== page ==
- One episode of Muppet Babies had Gonzo as "The Weirdo", a spoof of radio drama The Shadow. Whenever his name was mentioned, Rowlf played a dramatic sting on the piano... much to Gonzo's annoyance.
- On an episode of Beavis and Butt-Head Beavis tells Butt-Head that he had a nightmare "where everything sucked." Butt-Head replies "But, Beavis, everything does suck!" Dramatic sting and Beavis screams. For a while, the sting was played anytime one said "sucks".
- Phineas and Ferb has a sting for pretty much everything that happens Once an Episode: when Phineas announces he knows what they're going to do today, "Doofenshmirtz Evil Incorporated!"...They even have one for "fabulous", first used in "Dude We're Getting the Band Back Together" for Love Handel bassist Bobbi Fabulous.
- An episode of U.S. Acres had a sting coming up every time "The Network" was mentioned (once it was even spoken by a character!). The executive that came up to watch the show's production, Aloysius Pig, even had in his card:
- Johnny Bravo has an entire episode lampshade hanging this (though it's rather more of a Scare Chord being lampshaded).
- Drawn Together: Frequently used.
- "What is this, opposite day or dramatic music sting day!?"
- Archer, episode "Skorpio" has at least three such exchanges:
Malory: So you want this assignment?
Malory: You really, really, want it?
Archer: Yes, I really, really, want it!
Malory: Well, too bad. Because guess what?
Lana: Wah wah!
- In American Dad! episode "Not Particularly Desperate Housewife", Francine looks to expand her social circle and ends up with a group of women who discuss their affairs. Whenever the Asian member says something witty or catty, we hear a snippet of Oriental music. At one point she does her thing, then Francine tries to say something, only to get interrupted as the woman holds her pose and the music keeps playing. Later on, the sting plays when she says nothing; everyone looks at her, and she remarks "I farted."
- Another American Dad example: Stan demands someone play a dramatic sting; the resulting music isn't dramatic enough and Stan is thoroughly disappointed.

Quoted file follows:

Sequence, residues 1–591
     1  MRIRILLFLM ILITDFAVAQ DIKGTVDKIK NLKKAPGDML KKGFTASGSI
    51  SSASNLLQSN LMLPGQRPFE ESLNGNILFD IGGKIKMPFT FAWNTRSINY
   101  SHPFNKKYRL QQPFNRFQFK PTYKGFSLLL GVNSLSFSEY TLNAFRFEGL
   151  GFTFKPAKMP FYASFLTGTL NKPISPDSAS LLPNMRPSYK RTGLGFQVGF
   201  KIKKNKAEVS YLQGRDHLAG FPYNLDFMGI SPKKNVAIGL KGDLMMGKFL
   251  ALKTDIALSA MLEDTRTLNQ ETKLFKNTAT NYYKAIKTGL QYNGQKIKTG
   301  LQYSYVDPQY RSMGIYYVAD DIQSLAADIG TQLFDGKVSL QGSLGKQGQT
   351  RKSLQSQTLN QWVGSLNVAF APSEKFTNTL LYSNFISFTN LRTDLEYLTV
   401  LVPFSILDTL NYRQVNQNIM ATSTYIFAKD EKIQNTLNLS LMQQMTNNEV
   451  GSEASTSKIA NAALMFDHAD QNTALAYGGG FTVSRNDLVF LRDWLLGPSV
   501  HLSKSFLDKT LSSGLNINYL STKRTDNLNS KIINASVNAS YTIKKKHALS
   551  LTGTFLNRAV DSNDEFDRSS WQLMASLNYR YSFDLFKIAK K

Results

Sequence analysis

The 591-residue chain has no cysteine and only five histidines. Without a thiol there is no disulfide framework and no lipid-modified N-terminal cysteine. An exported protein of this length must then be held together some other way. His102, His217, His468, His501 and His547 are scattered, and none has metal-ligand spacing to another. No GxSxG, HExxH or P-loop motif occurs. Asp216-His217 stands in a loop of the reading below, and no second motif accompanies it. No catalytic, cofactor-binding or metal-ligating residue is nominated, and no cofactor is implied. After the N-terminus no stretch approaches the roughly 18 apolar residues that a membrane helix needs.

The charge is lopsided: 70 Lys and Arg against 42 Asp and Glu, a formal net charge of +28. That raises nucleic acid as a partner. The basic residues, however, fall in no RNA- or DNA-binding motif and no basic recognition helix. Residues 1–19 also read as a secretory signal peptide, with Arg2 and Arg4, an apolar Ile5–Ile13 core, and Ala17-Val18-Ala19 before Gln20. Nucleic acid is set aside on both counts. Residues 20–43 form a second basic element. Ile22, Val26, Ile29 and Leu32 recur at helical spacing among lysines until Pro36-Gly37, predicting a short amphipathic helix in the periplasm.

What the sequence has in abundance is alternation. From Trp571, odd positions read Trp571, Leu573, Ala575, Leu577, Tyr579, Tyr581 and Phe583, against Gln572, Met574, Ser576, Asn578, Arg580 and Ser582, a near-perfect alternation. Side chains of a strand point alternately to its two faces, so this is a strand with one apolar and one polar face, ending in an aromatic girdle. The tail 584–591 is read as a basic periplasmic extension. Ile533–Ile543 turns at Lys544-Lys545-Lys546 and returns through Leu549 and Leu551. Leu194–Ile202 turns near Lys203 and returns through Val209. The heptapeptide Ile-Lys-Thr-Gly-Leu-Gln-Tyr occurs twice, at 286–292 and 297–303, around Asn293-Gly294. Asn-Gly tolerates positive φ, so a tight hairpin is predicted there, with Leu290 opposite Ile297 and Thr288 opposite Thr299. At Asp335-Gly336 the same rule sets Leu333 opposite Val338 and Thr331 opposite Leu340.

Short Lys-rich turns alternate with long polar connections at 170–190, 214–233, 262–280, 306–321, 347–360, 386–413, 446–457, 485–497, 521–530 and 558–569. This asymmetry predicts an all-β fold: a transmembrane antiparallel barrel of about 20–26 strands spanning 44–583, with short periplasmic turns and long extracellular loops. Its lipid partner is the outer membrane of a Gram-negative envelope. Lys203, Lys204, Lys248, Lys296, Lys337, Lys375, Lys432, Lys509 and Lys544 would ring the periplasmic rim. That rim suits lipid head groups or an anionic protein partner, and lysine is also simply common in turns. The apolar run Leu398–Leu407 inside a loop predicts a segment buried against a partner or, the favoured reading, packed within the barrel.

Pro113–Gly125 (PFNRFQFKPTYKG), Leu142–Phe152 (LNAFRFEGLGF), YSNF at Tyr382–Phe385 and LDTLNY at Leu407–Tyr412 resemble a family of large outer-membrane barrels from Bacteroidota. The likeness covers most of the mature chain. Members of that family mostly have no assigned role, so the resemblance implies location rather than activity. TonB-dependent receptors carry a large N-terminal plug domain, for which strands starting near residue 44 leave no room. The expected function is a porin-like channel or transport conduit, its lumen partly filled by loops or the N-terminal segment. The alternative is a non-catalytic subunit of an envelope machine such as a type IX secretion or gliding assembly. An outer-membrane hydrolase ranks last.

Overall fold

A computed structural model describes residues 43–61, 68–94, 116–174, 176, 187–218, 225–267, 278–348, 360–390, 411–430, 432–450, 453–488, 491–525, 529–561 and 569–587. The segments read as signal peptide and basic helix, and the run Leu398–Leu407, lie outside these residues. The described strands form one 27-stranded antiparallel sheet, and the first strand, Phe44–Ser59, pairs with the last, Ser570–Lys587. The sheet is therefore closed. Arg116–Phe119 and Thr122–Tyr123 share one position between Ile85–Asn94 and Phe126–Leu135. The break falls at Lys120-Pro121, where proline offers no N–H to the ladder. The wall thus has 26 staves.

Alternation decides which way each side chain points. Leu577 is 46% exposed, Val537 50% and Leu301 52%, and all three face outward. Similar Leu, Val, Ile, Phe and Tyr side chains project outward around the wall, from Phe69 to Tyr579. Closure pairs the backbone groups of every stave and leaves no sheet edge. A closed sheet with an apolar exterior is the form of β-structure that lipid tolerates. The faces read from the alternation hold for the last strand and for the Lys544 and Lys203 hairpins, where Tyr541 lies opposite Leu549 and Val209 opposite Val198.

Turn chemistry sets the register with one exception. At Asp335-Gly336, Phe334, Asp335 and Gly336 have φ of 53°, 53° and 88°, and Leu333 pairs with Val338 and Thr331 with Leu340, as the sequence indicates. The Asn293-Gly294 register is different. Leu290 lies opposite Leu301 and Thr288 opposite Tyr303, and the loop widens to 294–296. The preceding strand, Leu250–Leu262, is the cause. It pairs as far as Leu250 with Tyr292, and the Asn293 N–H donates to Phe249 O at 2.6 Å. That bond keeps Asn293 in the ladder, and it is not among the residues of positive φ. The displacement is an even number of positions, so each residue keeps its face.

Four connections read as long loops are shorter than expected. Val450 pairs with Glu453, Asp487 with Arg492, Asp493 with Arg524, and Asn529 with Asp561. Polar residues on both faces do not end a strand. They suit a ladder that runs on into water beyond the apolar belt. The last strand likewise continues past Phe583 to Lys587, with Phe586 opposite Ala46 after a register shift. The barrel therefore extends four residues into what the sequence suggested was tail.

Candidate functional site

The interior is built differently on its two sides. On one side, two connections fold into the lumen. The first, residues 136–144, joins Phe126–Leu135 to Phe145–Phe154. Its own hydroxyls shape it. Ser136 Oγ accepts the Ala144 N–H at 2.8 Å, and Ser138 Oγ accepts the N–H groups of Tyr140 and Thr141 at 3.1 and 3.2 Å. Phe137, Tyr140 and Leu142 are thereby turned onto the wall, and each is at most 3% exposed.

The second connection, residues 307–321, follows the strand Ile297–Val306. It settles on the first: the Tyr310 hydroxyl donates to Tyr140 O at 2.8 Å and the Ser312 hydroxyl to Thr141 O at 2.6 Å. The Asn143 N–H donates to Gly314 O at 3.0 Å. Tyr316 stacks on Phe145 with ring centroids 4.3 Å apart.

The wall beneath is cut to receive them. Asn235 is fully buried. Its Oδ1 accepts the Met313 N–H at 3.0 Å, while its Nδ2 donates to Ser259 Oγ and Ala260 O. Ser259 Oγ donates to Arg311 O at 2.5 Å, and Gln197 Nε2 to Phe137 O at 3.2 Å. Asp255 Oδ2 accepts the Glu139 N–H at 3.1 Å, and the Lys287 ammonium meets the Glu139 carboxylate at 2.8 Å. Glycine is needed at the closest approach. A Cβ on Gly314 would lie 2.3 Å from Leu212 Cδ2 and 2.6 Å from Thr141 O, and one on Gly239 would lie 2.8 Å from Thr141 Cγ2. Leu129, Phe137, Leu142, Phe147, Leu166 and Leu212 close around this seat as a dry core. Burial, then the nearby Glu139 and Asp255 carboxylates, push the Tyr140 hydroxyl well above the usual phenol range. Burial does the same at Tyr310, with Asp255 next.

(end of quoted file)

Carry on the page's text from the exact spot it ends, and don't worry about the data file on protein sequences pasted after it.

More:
- Parodied in the My Little Pony: Friendship Is Magic episode "May The Best Pet Win!", when Rainbow Dash tells her potential pets that they have to race her "through Ghastly Gorge! DUN DUN DUUUUUN!"
- Birdz had a dissonant four-note synth riff that basically served as the equivalent of "Wah wah wah" horns.
- Danger Mouse has an episode where Colonel K is addressing DM and Penfold on a Greenback plot, with a dramatic sting in three different parts of the assignment. It turns out to be Miss Boathook, Colonel K's secretary, on her piano lessons.
- The Beatles had a two-note guitar sting on either pivotal parts of a story (showing there is a mysterious passenger on a ship's register in "She Loves You") or as a rimshot (the "probably made of cheaper wax" line made at Paul and John as the boys are imitating their wax figures in "Misery").
- Older Macintosh computers sometimes play a Sting (the "Chimes of Death") when they fail a crucial hardware check on boot, with the notes of the ditty telling a savvy tech what's wrong even when video doesn't work
- Older Macs had fun vocals as well,for normal shutdowns. Arnold Schwarzenegger saying "I'll be back", anyone?
- PCs are more boring, and use POST beep codes. In this case, if you hear anything other than a single beep, something very bad has happened.
- Anyone who actually hasn't turned off Windows sounds will hear sounds for all kinds of things, including the rather jarring sound made when the computer can't complete something.
- The Dramatic Prairie Dog had no drama until the sting was provided. (Dun dun DUUUUUN.)
- The Drama button, for all of life's unnecessary drama.
- George Lopez uses a snippet of a mariachi song (don't know the tune) to represent Mexicans in some of his jokes. For example, he asks "Who do you think is controlling this state? Guess!" (play song)
- Used in P.D.Q. Bach's "Iphigenia in Brooklyn". It is played mostly by double reeds - not oboes and bassoons or anything but double reeds all on their own.
- Stings are used to emphasize certain words or sentences in recitatives ("spoken" parts set to music) of cantatas and oratorios of the Baroque era. The stings are usually just one note if it comes at the beginning of a recitative, and two notes if it comes in the middle or at the end.